Many events are planned for 2009. The society plans to play host to a Smithsonian Institute Traveling exhibit from April 25 through June 2 titled, “Between Fences.” Many community events have been planed around this theme, including a Paint A Picket contest and a photography contest that will showcase fences from the community’s viewpoint.
While the Smithsonian exhibit is still showing, “Voice of a Fugitive,” a play written exclusively for the Oldham County Historical Society, will premier May 29-31 at Actor’s Theatre in Louisville. The play was written by Carridder Jones, and it details the life and times of local native, slave, fugitive and newspaper editor, Henry Bibb. This play was funded by the Kentucky Arts Council.
The society recently received a grant through the Lincoln Bicentennial Celebration from the Kentucky Heritage Council. The Henry Bibb Archaeology projects in Bedford, Ky., have been expanded for public digs and two free Archaeological Institutes for High School students at the Gatewood archaeological site will be funded through this grant.
The History Center plans to play host to a special exhibit, The Henry Bibb Project, from April 15 to Aug. 15. This focuses on the slave culture of Oldham County and this archaeological program that began in 2002.
“Primary Docs: The Museum Collection,” is a special exhibit that will wrap up the society’s anniversary year in the fall. This display will feature some of the rare and unique documents from the society’s archives that include deeds, diaries, letters, court records, architectural drawings and personal correspondences.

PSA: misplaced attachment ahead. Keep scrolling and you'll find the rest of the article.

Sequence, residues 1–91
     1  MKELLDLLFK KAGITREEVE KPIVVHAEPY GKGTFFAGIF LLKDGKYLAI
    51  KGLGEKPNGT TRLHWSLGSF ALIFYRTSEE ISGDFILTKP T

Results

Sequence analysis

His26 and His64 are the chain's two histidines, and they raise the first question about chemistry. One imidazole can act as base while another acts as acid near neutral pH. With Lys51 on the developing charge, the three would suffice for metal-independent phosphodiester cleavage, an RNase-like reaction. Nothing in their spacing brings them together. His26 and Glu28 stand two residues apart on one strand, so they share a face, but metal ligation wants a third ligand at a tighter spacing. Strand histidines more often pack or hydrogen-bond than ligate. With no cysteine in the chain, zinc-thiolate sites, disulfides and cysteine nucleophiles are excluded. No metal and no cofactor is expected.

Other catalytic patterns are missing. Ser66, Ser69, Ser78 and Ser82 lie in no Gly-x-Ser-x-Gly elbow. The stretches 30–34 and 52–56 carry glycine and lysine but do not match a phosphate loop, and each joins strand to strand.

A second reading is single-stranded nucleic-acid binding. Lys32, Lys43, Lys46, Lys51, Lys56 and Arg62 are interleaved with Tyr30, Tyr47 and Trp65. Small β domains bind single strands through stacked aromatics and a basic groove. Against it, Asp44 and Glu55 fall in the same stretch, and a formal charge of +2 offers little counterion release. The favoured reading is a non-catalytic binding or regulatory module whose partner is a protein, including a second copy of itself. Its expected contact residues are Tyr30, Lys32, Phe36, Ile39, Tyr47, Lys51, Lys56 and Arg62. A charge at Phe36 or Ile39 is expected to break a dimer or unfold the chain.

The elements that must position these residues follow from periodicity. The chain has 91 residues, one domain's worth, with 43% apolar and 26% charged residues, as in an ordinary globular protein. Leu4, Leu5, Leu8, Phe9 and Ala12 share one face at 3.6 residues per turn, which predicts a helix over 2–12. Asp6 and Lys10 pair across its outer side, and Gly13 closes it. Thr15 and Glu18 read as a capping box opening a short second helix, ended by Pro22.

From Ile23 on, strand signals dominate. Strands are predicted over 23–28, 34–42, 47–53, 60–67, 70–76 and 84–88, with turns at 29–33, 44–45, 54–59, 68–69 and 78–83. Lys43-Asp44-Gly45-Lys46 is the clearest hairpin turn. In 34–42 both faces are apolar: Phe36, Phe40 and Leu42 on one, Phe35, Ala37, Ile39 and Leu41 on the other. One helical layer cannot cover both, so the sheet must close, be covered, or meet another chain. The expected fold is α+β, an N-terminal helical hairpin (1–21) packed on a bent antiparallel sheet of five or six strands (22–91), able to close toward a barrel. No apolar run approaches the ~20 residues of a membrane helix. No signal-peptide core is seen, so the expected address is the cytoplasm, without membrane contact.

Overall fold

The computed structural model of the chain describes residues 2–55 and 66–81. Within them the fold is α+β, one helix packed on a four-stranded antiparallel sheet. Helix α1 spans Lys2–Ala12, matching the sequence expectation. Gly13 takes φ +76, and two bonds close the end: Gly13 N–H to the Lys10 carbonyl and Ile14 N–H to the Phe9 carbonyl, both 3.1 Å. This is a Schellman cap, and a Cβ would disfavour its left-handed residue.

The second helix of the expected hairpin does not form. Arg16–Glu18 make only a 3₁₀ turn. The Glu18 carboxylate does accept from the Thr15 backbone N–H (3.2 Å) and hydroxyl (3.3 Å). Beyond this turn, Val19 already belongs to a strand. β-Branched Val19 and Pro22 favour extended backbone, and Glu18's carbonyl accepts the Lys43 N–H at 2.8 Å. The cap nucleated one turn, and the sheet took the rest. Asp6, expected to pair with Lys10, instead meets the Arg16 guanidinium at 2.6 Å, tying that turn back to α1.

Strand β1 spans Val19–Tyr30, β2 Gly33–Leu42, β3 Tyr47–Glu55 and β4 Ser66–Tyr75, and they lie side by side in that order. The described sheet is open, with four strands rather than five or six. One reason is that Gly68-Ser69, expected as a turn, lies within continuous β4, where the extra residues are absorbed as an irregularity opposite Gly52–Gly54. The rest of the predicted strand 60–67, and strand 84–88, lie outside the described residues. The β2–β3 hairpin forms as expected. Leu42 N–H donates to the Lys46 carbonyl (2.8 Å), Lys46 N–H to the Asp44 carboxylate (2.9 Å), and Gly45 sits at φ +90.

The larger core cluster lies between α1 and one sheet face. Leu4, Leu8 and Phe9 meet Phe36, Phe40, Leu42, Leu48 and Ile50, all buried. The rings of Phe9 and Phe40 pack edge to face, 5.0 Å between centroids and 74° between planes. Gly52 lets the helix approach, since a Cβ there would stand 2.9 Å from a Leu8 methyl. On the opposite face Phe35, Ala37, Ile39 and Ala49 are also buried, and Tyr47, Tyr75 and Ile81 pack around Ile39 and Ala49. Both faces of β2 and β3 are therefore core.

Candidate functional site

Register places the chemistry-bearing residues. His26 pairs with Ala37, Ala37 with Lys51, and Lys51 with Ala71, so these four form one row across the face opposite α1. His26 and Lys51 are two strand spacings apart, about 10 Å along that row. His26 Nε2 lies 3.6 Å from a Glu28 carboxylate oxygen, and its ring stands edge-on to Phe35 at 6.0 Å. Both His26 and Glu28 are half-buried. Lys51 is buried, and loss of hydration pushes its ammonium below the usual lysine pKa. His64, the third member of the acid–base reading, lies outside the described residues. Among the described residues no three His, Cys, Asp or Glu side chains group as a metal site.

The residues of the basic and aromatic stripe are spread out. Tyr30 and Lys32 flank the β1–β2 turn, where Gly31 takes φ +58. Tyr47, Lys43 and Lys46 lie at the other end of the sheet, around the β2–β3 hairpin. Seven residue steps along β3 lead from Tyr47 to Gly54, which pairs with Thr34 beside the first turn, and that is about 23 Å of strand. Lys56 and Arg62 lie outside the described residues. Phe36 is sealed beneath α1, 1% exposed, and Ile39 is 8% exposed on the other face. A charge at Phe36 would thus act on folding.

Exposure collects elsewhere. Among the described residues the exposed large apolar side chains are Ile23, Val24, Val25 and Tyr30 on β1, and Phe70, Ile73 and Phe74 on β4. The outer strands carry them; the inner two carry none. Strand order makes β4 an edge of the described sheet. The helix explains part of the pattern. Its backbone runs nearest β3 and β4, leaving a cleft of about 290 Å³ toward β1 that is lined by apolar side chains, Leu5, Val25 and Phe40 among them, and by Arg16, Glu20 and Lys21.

Board member and secretary for the society, Sally Landes, said the organization’s members are excited about celebrating the 50th anniversary. There are a lot of dedicated people on the board and volunteers who plan events to get the community involved, she said.
Landes said she became involved with the society for many reasons. “My love of history and love of Oldham County” is why she joined several years ago. She added that the History Center has a wonderful director to keep it going.
“History to me means my community and home place,” said Theiss. “History grounds me to the place I live and gives me a point of reference that helps to guide my life and decisions.”

• For more information on the events and exhibits of the Oldham County Historical Society, call (502) 222-0826 or visit: www.oldhamcountyhistoricalsociety.org.